PNK has also initiated a range of projects aimed at promoting alternatives livelihoods to destructive fishing practices which include an upcoming village based mariculture project, a variety of textile and handicraft production and naturalist guide training. It is this collaborative alternative livelihood project that Jo has worked closely with the PNK tourism team and the staff and local community members based at the tourism entrance site of Loh Liang on Komodo Island. PNK has trained a small number of Komodo island villagers as naturalist tour guides, teaching them such skills as English language proficiency, local history, climate and regional specific ecology and cultural awareness.

“Working on Komodo Island has been an incredible experience; it truly is a unique location”. However, it is the enthusiasm and passion of the local guides that has really made the most impact upon Jo. “The guides have consistently shown a very strong desire to learn and to improve their lives, they often came to work during their holidays to study English grammar – making sure they didn’t miss a thing”.

Jo with one of the local guides.

The main guides Jo and her co-workers trained live in Komodo village which is a 45 minute walk from Loh Liang. Like the majority of the older villagers, the guides in general have an elementary level schooling (usually five to six years) and have work experience in fishing or souvenir selling only. Most of the guides had worked as souvenir sellers at Loh Liang for around eight to ten years before joining PNK’s team, travelling early every morning armed with variously sized wooden carved Komodo dragons, jewellery, sarongs and other assortments often originating from other parts of Indonesia. The guides commented that as a souvenir seller they did have the opportunity of making quite a substantial amount of money, however, it was never guaranteed and during the low season it was very difficult to make any profit at all. Working with PNK, they say they actually make less money yet, it is a guaranteed and regular amount, plus they are also entitled to any tips they may receive.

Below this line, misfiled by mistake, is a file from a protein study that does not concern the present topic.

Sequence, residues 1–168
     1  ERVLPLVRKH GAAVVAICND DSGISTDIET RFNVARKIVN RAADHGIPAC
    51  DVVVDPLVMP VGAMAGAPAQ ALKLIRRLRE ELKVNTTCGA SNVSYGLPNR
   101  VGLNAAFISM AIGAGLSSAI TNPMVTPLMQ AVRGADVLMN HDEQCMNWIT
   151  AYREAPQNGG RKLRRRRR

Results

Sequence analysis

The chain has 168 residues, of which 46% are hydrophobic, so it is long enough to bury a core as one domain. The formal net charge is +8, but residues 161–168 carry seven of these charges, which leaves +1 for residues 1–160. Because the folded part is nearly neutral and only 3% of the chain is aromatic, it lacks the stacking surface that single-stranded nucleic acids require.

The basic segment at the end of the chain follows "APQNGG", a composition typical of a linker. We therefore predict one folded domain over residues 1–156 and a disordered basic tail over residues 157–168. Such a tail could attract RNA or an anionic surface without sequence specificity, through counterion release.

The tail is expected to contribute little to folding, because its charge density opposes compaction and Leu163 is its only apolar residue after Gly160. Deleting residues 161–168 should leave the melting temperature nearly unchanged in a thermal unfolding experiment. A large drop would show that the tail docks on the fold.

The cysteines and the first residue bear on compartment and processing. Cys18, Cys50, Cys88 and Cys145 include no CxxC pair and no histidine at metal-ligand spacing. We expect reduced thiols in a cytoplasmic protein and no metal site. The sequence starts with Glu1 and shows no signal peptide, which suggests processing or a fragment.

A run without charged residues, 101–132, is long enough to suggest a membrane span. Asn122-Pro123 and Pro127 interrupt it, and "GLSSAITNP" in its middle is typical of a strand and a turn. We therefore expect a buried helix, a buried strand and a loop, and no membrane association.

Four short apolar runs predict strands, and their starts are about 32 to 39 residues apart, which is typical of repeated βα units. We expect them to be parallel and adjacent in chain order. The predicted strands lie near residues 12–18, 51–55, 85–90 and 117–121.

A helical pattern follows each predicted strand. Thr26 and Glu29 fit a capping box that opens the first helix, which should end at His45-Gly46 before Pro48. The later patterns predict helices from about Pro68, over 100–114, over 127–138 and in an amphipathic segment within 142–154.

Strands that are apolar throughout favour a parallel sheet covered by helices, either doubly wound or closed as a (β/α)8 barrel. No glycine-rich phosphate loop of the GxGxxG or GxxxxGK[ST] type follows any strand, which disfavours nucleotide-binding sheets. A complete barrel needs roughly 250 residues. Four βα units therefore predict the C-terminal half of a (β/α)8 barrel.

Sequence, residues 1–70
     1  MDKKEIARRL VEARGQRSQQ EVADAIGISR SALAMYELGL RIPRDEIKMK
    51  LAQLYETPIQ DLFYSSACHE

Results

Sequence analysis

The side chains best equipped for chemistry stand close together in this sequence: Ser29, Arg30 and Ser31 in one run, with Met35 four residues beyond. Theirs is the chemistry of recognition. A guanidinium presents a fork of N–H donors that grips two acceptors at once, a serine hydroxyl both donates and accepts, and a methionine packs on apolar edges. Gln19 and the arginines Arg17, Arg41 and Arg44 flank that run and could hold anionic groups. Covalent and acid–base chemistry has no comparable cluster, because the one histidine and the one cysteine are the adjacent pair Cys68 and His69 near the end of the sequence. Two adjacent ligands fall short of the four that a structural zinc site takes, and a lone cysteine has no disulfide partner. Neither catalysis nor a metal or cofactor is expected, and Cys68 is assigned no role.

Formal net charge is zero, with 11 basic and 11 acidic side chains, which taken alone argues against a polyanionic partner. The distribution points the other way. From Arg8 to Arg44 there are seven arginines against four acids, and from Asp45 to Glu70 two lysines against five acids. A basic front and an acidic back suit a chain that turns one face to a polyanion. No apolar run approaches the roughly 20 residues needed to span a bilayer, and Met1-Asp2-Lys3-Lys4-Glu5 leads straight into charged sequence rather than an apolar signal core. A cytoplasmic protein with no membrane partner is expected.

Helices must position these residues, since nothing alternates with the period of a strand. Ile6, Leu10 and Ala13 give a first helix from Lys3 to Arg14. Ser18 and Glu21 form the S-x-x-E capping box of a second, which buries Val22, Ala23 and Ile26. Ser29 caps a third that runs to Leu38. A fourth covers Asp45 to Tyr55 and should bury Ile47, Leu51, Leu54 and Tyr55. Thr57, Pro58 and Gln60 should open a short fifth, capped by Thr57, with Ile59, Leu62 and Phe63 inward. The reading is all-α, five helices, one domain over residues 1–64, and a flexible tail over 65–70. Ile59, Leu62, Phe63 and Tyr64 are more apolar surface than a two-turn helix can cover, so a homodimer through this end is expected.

Snorkeling around Komodo Island. Nature-based ecotourism is the best sustainable option going forward and meet conservation goals set for the island.

Unanimously, the guides confided that their early days working as a souvenir seller were really quite fun and profitable as they worked alongside their mates and were able to interact with tourists from overseas. They enjoyed buying materialistic, fashionable items they had seen on television and movies and one guide was able to experience life in Bali too. However, as they became young husbands and then fathers, the job became stressful. Naturalist guide Herman, 28 years, remembers his feelings from that time of his life, “always I was worried, everyday. What is happening for my future? I wanted to change my life”. Fellow guide Usman, 33 years, agrees and lists the opportunity to learn English, gaining self-reliance and having a regular income as the reasons why he enjoys life working as a local naturalist guide. As a proud father, Herman says he tries to teach his two small children a little bit of English language each day and wants them to have a better life than him. “Their education will be better than mine. I’m working for them…that’s my dream”.

File:Batfish komodo.jpg

Large batfish, Komodo Island, East Indonesia

The guides say they feel confident and proud to be working with PNK and say that their community members often “say they want to be like us”. They want more job opportunities and have begun to understand the importance of conservation within their Park. Recently, two more young men from Komodo village have commenced their training to become naturalist guides after approaching the current guides and being recommended by PNK’s community outreach staff as well. “The new guides have very little knowledge of the Park and its natural resources at this stage yet they are very quick to learn and have already shown their dedication and determination to succeed” says Jo.

There is still a long way to go, however, and PNK and the management team recognise that this special place is best served by those who live and work and have interests in the Park. By working with and for local communities, the PNK team can aim to continue to further develop their community development and nature-based tourism activities in an effort to provide and support a sustainable future for the communities within and around the Park.

Inspiration: VIDA (Volunteering for International Development from Australia)

This entry was posted in Sustainability, Sustainable Development, Sustainable Tourism and tagged , , , . Bookmark the permalink.

1 Response to Helping ensure a sustainable future for Komodo National Park

  1. Savannah says:

    Awesome blog!

    I thought about starting my own blog too but I’m just too lazy so, I guess Ill just have to keep checking yours out.